Throughout the sixties and seventies, the Sudanese army mainly relied on recruiting military students after completing their secondary education, with recruitment to the military college decreasing from lower educational stages or officer ranks. Many officers with Brotherhood inclinations had been recruited since their student days, unnoticed by the army leadership at the beginning of their service, and this became evident when they appeared as retired workers who had been reassimilated into Islamic Front organizations after 1985.

He believes that the Muslim Brotherhood absorbed the failure of its attempted coup against the May regime (1969-1977) and the failure of the armed external opposition experience, and the necessity of reconciling with the regime before all other components of the “National Front.” They were the first to send a memorandum from inside Kober Prison in 1977, calling for reconciliation and engagement with the May regime.

This was achieved on July 7, 1977, when Sadiq al-Mahdi, the head of the opposition National Front, signed the National Reconciliation Agreement in Port Sudan. After the reconciliation, all their efforts focused on organizational work, marking the true beginning of serious secret organizational work in the student movement, their only asset until then, and their secret activities extended to all other sectors, including the armed forces and security agencies.

The late Brotherhood leader Hassan al-Turabi says, “After the reconciliation in 1977, there was a comprehensive organizational renaissance based on the experiences of the jihad period, and assimilating its harvest in the extensions of social, economic, security, and external work, and it continued for years, bringing about a transformation.”

The Brotherhood‘s organizational launch and expansion were aided by the large financial capabilities available to it during the external work period and the profitable commercial investments made by the organization’s cadres, especially in Saudi Arabia and the Gulf region.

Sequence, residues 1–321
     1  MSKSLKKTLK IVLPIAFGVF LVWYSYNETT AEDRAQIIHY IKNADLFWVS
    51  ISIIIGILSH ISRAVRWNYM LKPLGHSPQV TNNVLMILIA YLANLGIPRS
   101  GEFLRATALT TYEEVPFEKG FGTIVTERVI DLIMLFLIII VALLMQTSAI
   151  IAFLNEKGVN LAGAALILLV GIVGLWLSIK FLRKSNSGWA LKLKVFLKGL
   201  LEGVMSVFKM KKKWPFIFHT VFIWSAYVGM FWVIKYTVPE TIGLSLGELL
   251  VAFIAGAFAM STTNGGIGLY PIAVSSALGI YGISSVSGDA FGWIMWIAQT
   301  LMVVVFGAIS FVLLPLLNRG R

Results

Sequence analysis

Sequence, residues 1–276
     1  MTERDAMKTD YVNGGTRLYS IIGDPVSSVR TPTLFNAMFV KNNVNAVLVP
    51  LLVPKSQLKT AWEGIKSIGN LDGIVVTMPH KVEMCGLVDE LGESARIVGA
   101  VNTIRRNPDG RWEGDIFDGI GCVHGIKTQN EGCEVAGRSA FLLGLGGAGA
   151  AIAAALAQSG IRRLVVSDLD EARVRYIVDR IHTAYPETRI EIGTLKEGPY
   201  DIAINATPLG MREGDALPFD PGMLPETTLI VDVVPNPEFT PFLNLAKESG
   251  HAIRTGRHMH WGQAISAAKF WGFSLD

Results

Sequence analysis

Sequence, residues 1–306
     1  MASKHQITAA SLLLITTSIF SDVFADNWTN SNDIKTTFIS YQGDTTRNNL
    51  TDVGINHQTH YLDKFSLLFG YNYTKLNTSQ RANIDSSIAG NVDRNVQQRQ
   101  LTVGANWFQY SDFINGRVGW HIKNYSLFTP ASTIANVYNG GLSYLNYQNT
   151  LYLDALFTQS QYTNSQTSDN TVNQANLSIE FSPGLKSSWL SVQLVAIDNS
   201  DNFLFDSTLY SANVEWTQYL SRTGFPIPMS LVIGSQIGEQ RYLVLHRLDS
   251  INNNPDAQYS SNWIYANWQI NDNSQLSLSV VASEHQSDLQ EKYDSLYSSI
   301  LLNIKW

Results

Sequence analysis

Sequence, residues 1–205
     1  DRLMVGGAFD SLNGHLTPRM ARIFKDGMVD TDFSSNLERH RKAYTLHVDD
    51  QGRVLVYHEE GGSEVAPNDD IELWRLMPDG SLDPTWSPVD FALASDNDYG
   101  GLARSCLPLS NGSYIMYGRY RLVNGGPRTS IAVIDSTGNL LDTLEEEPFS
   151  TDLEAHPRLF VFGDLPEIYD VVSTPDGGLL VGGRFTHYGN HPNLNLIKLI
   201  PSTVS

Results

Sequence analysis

Mergani points out that al-Turabi formulated his strategy for building the organization on four dynamic pillars: expansion, penetration, occupation, and seizure. The movement operated in four main axes: the economic field, the student movement, media and publishing, and the armed forces and other security forces.

“All sources agree that the serious start of building an effective military organization for the Muslim Brotherhood within the armed forces occurred after 1980. The first military official of the organization to be appointed after that date was Air Force Commander Mokhtar Mohammedien, who was killed as a colonel when his plane crashed in the city of Al Nasir on the Upper Nile at the end of 1988. Sources also concur that the recruitment of Colonel Pilot Mohammedien was facilitated by Rashid Abdelrahim, a Brotherhood cadre working in journalism, who had a direct kinship to Mohammedien.

Commander Mohammedien initiated a clandestine recruitment campaign within the air force, and Commander Pilot Mustafa al-Duweihy informed me that he was on an official mission to Germany in the early 1980s accompanied by Mohammedien, who vigorously attempted to recruit him for the Muslim Brotherhood, but he declined, clinging to his nationalism and allegiance to the armed forces. Colonel Aeronautical Engineer Abdelrahim Mohammed Hussein was Mohammedien’s right-hand man in the organization, and together they managed to build a strong base for the Brotherhood within the air force, as evidenced by the significant number of participants among the technical officers of the air force during the June 30, 1989 coup.”

He reveals that the second man in the organization, who made significant efforts in building the secret military organization and was entrusted with vital tasks before the coup, was Colonel Kamal Ali Mohatar, a committed cadre in the Brotherhood since his high school years at Dongola Secondary School, but he concealed that information by demonstrating absolute nationalism toward the armed forces and applying the utmost secrecy and caution in his organizational movements and activities. In the late 1970s, Mohatar was dispatched to the Gulf region to work as an expert in the United Arab Emirates Army. This period was the golden age of the Brotherhood‘s work in the Gulf and Saudi Arabia, and it was intelligently utilized to develop secret organizational work and enhance economic capabilities. During his tenure in the Emirates, Mohatar recruited numerous cadres for the organization, and he was directly assisted by Commander Omar Hassan al-Bashir, who was also seconded to the UAE army at that time.